Direwood, Catherine Yu (Page Street Publishing 978-1-64567-612-6, $18.99. 288pp, hc) September 2022.
Sisters Fiona and Aja are part of the only Chinese American family in their entire suburban town. It’s the 1990s, the era of grunge and disillusionment, and no one is more disillusioned than Aja. Or so she thinks. Fiona is the golden child. She is the perfect daughter beloved by everyone in town. Aja, meanwhile, is rough around the edges and sharp-tongued. Where Fiona is soft and polite, Aja is brittle and rude. Then one day, strange white caterpillars appear, the trees around town start dying, and Fiona vanishes without a trace.
Aja discovers that the people behind her sister’s disappearance are Kate and Padraic, newcomers living in an abandoned church deep in the woods. They also happen to be vampires. Padraic lures Aja to his lair with the promise of answering all her secrets, but what she finds there is worse than she could have imagined. Two other classmates are living there as the vampires’ thralls, yet Fiona is nowhere to be seen. The more Aja digs, the less she understands. There is something big and terrible that Padraic and Kate aren’t telling her about what is in that church and why they came to this town. To expose their darkness to the light, Aja must descend into the depths of depravity, literally and metaphorically.
I can’t speak to the Asian American experience, but I do understand what it’s like to grow up as being one of the only Black kids everywhere you go. Back in the 1980s and 1990s, in my predominantly white hometown, Black people made up only about 0.5% of the population, and white people made sure I knew just how different I was. This was largely before the internet, so for me, the only examples I had of Black life were my family and sitcoms. For most white folks, I was not a person but an avatar for Blackness. To them, I existed in one of these three states: as the token Black friend (even if I was barely acquaintances with them); as the person expected to answer for all Black people, especially those who did not live up to whatever arbitrary and impossible standards white people were mad about that day; or as the person representing all Black people and who therefore had to be “respectable” and “eloquent” at all times. It took years of work – not to mention getting away from my hometown – to unlearn all of the bad expectations and assumptions I had brainwashed into me.
Reading Direwood dredged up a lot of bad memories, which only added to the horror. Fiona and Aja are deeply damaged by their experiences as the only Chinese Americans in their town, just as I carried around a lot of baggage from my own childhood. You really have no idea what it’s like growing up like that unless you’ve been there. The temptation to escape, the desperate need to breathe free, the feeling of constantly being on and on guard, the constant stress of living in a swamp of microaggressions and “polite” racism, it wears on you. I recognized in myself Aja’s prickly frustration and Fiona’s skill at playing the part. In all honesty, if a vampire had turned up at my doorstep offering to whisk me away from my oppressive hometown, I would have been inclined to take him up on it, too.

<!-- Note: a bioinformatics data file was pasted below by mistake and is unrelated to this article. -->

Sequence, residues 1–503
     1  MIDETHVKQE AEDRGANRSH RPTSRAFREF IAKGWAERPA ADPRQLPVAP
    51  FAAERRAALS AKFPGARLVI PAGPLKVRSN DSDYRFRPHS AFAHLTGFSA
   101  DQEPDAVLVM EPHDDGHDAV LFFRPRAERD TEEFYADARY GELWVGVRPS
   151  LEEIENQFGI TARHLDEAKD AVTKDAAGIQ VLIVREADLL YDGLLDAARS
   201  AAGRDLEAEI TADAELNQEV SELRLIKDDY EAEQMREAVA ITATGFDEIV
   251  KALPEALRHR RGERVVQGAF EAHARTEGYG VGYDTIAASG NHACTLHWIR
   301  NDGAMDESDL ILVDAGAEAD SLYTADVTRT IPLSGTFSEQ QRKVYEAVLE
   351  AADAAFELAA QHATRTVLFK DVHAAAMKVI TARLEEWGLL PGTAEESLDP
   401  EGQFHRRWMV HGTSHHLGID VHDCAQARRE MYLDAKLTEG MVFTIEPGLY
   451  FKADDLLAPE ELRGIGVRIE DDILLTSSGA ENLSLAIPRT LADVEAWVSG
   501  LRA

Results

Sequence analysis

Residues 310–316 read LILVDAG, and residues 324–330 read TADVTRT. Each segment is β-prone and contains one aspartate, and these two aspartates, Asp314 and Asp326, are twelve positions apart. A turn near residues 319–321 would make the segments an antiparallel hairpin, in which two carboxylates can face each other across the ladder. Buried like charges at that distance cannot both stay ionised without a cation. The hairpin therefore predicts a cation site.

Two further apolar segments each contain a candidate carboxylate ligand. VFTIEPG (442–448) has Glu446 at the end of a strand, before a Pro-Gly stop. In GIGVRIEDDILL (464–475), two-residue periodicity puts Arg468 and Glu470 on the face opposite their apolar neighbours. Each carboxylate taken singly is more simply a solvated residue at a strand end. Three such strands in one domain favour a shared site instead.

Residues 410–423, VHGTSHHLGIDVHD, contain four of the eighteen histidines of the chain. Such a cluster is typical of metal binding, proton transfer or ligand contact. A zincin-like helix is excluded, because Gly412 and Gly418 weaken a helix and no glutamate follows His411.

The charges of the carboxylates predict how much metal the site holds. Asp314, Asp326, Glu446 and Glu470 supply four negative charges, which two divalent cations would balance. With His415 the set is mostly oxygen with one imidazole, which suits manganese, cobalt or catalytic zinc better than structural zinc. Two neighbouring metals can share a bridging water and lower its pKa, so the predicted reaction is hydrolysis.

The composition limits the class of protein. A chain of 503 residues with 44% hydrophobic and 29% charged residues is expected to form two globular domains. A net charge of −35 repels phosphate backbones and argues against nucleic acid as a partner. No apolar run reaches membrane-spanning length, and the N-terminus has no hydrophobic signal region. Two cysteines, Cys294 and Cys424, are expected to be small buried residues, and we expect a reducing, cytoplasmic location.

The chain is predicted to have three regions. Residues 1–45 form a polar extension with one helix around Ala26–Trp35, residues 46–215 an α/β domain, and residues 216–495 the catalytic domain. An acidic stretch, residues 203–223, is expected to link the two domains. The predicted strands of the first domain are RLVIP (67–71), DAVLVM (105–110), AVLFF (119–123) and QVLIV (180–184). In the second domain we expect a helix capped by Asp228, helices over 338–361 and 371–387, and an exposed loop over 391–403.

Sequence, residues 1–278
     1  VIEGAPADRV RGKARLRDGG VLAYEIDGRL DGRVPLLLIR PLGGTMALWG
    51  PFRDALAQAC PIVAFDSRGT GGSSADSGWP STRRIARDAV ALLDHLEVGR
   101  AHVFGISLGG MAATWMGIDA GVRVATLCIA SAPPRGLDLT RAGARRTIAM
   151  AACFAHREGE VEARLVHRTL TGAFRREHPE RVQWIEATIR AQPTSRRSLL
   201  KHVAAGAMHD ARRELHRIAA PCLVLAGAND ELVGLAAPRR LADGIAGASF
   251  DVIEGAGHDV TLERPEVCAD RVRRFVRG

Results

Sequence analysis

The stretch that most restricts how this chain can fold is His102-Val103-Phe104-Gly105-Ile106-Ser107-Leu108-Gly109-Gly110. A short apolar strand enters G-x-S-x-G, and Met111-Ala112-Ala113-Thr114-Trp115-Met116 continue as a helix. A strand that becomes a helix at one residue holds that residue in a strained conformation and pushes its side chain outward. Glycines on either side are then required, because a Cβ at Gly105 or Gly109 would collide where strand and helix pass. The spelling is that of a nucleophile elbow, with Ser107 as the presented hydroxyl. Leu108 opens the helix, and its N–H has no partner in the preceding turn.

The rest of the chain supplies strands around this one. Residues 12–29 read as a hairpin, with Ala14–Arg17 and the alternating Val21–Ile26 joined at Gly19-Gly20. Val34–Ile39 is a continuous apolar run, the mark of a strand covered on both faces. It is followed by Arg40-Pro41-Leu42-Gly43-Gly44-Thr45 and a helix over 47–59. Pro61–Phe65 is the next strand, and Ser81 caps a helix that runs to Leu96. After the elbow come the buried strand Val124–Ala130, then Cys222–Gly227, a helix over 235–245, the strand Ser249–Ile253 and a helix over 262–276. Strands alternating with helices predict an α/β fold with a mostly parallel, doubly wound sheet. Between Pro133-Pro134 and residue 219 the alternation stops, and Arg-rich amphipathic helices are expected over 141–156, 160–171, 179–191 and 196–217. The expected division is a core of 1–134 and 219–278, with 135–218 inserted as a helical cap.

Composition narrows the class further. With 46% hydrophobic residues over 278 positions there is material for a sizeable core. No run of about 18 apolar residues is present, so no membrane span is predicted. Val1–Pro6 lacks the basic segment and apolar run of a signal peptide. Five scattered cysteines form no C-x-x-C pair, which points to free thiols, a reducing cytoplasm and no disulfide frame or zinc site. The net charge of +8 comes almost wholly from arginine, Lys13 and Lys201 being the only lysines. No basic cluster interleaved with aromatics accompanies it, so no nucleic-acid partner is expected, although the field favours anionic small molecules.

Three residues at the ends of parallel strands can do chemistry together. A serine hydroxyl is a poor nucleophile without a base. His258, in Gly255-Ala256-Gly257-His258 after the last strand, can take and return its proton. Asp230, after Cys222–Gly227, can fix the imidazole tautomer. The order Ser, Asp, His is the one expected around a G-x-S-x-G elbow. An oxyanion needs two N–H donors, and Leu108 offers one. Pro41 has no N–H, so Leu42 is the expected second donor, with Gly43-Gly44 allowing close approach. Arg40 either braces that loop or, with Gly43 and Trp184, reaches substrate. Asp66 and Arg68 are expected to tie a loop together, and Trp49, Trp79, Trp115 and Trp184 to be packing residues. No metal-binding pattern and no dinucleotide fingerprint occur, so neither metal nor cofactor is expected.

I personally don’t care for creepy-crawlies or body horror, both of which are in Direwood, but there was just the right amount of terror for a young adult novel. Yu is good at knowing when to keep going and when to take a break. Teens could easily read this novel without feeling overwhelmed. Most of the horror lies in the anticipation, or, more accurately, the apprehension. Many teens might believe as Aja does, that she can change Padraic and that maybe deep down he’s not as bad as he seems; adults know otherwise.
I have no idea if this was intentional on Yu’s part, but as someone who was a WB-obsessed teen in the late 1990s, I took Padraic to be a call out of the trope of the older hot vampire dude trying to seduce the naive teenage girl, especially as it relates to the TV show Buffy, the Vampire Slayer. For those of you not inducted into the Buffy-verse, Buffy’s main love interest in the early seasons was Angel, a 270-year-old Irish vampire. She’s 15 when he first lays eyes on her and 16 when he falls in love with her, takes her virginity, and then tries to kill her when he turns back into the monster, Angelus. Ah, the joys of letting creepy dudes write romance story lines involving teenage girls. The point is that Padraic and Angel have similar enough backgrounds that it was hard for me to not see the parallels – and, crucially, the way Yu gradually dismantles that trope to reveal the patriarchal creepiness of it all.
Direwood is a very good YA horror novel. It’s distressing and disturbing, but ultimately unputdownable. On a final note, if you want more Yu horror, check out her story “Balloon Girl” in the excellent anthology Death in the Mouth: An Anthology of Original Horror by People of Color, edited by Sloane Leong and Cassie Hart.
Alex Brown is a queer Black librarian and writer. They have written two books on the history of Napa County, California’s marginalized communities. They write about adult and young adult science fiction, fantasy, and horror as well as BIPOC history and librarianship. Diversity, equity, inclusion, and access set the foundation of all their work. Alex lives in Southern California with their pet rats and ever-increasing piles of books.
This review and more like it in the December 2022 issue of Locus.
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